In Asia Dr. Mohammed Yunus of Sangladsh led the way with a pilot group lending scheme for kindles people. This later became the Grameen Bank, which now serves more than 24 million clients (94 percent of them women) and is a model for many countries. In Latin America ACCION international supported the development of solidarity group lending to urban vendors, and foundation Carvajal developed a successful credit and training system for individual micro entrepreneurs.
Changes were also occurring in the formal financial sector. Bank Rakyat Indonesia, a owned, rural bank, moved away from providing subsidized credit and took an institutional approach that operated on market principles. In particular, Bank Rakyat Indonesia developed a transparent set of incentives for its borrowers (small farmers) and staff, rewarding on – time loan repayment and relying on voluntary savings mobilization as a sense of funds.
Since the 1980s the field of microfinance has grown substantially. Donors actually support and encourage micro – finance activities substantial out reach and financial services only, whereas as the 1980s and mush of the 1980s were characterized by an integrated package of credit and training which required subsides. Most recently micro finance NGOs. (Including PRODEM / Bancosol in Boliva, k – Rep in Kenya, and ADEKMI/Banco ADENI in the Dominican Republic) have begin transforming into formal financial institutions that recognize the need to provide savings services to their clients and to access market funding services, rather than rely on donor funds. This recognition of the current “Financial systems” approaches to microfinance. This approach is characterized by the following beliefs:
i. subsidized credit undermines development
ii. Poor people can play interest rates high enough to cover transaction costs and the consequences of the imperfect information markets in which lenders operate.
iii. The goal of sustainability (cost recovery and eventually profit) is the key not only to institutional permanence in lending. But also to making the lending institution more focused and efficient.
iv. Because loan sizes to poor are small, MFIs must achieve sufficient scale if they are to become sustainable.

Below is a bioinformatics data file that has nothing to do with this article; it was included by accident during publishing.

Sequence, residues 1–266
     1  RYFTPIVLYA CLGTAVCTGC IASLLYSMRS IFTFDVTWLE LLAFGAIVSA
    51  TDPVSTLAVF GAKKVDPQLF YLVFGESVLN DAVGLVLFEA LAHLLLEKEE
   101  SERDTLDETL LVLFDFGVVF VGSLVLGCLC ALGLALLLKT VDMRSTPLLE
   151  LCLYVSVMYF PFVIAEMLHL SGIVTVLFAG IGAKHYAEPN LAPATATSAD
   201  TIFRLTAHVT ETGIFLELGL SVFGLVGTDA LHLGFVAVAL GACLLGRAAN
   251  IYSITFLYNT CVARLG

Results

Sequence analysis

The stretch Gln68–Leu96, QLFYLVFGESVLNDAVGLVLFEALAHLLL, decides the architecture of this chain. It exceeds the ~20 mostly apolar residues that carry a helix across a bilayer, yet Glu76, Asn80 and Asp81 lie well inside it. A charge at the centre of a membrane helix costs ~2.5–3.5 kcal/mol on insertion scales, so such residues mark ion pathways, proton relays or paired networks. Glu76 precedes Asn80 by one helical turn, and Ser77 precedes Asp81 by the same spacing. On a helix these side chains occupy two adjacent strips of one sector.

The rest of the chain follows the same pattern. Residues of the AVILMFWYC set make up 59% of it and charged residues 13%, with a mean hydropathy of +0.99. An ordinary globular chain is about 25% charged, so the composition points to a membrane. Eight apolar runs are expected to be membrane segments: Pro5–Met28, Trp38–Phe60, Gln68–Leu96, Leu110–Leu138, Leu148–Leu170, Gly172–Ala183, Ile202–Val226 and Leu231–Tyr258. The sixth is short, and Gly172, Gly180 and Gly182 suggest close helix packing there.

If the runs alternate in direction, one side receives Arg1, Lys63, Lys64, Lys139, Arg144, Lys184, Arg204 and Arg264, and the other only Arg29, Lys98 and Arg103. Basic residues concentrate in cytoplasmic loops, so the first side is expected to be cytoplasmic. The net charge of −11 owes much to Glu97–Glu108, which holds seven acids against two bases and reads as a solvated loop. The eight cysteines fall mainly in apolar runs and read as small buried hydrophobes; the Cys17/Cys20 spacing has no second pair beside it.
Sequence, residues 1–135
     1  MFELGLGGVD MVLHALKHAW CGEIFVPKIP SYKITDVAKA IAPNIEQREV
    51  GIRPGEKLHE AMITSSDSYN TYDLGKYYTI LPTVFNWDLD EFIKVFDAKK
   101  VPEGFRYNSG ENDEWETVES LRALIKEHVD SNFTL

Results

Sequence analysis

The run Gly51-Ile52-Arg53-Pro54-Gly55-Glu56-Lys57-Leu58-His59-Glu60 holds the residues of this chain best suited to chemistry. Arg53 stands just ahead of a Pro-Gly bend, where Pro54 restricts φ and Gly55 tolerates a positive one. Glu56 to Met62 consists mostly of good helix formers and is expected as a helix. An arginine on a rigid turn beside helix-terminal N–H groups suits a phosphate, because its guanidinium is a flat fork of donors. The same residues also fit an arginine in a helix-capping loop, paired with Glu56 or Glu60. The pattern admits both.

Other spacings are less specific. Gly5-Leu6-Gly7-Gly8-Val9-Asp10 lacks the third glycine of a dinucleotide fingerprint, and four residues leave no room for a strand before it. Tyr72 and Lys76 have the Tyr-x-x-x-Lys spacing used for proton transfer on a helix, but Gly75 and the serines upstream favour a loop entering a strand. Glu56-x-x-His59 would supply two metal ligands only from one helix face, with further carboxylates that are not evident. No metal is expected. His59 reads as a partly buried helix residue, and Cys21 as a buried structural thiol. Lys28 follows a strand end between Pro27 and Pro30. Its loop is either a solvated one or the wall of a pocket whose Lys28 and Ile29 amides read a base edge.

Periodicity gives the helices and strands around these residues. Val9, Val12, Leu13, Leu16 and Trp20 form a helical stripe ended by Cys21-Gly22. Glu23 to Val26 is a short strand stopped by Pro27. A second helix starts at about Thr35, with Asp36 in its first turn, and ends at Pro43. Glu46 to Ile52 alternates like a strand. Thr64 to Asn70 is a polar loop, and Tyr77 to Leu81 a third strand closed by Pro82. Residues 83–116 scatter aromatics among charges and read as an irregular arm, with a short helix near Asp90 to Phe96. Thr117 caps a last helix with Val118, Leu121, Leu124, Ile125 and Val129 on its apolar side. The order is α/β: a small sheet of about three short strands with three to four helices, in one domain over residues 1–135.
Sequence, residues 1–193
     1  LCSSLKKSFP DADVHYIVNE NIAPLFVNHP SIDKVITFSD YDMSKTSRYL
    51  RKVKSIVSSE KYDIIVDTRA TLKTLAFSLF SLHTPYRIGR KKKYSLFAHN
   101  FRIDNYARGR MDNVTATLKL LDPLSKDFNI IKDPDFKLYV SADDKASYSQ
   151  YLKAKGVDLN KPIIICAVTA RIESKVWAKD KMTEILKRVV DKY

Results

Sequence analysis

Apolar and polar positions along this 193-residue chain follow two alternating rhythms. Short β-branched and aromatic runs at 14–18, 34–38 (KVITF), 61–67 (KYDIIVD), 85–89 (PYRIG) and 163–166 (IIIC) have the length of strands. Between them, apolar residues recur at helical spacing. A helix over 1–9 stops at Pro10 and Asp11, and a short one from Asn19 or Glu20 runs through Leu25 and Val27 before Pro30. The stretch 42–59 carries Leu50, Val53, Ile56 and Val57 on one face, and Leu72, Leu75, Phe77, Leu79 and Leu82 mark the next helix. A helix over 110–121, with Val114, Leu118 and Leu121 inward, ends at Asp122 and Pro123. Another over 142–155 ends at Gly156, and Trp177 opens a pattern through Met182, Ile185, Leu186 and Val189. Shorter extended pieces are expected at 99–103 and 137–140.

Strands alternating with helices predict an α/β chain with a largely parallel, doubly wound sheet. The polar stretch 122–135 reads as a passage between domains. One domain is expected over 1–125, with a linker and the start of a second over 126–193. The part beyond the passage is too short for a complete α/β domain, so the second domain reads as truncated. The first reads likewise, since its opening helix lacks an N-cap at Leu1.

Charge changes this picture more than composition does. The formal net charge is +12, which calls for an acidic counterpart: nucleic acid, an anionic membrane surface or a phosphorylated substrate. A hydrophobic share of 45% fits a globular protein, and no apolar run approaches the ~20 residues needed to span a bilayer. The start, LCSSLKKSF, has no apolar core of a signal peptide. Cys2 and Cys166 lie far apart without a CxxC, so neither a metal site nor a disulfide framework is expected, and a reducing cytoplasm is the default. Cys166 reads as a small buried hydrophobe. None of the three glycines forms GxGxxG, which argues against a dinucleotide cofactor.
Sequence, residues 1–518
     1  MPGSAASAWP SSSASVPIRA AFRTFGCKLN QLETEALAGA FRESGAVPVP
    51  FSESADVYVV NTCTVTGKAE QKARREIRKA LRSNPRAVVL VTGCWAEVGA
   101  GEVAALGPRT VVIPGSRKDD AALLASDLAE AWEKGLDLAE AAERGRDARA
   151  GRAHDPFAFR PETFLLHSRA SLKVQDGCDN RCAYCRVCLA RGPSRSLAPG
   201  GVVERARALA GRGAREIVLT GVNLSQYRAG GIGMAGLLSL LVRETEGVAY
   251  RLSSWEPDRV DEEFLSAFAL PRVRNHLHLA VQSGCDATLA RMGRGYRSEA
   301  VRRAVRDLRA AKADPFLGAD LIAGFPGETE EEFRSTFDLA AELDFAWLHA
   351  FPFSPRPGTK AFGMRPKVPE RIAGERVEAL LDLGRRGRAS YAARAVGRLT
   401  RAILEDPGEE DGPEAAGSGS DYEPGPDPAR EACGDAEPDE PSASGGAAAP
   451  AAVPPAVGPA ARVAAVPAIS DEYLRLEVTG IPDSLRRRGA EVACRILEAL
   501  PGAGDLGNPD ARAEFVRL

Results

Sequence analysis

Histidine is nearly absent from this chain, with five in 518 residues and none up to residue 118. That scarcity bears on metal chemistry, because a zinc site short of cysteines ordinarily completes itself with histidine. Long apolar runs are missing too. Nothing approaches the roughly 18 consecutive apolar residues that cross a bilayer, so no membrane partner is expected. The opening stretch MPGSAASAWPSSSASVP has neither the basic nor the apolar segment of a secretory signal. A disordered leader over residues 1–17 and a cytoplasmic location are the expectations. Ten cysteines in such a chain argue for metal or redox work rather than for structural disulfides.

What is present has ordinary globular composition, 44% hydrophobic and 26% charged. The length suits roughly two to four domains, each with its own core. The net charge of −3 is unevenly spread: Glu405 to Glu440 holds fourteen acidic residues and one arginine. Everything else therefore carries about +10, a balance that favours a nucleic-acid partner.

v. Measurable enterprise growth, as well as impacts on poverty, cannot be demonstrated easily or accurately outreach and repayment rates can be proxies for impact. One of the main assumptions in the above view is that many poor people activity want productive credit and that they can absorb and use it. But as the field of micro finance has evolved, research has increasingly found that in many situation poor people want secure savings facilities and consumption loans just as much as productive credit and in some cases instead of productive credit. MFIs are beginning to respond to these demands by proving voluntary savings services and other types of loans.
1.2 STATEMENT OF THE PROBLEM
The major problem necessitating the study operated from the Central Bank of Nigeria’s laws, regulation, supervision and central placed over the activities of micro finance banks are:
i. These relive the micro finance and every micro finance bank is excepted with respect to their proper books of account and it must be submitted to the National Board not later than 28 days.
ii. Another problem can be seen its books and affairs because it is a fully fledged banks, it books and affairs are subject to continuous examinations by Central Bank working through natural board for micro finance banks.
iii. Equally, not later than for months after end of its financial year, each micro finance bank must submit to the National Board and exhibit prominently to the view of all members of the micro finance banks balance sheet and profit and loss account.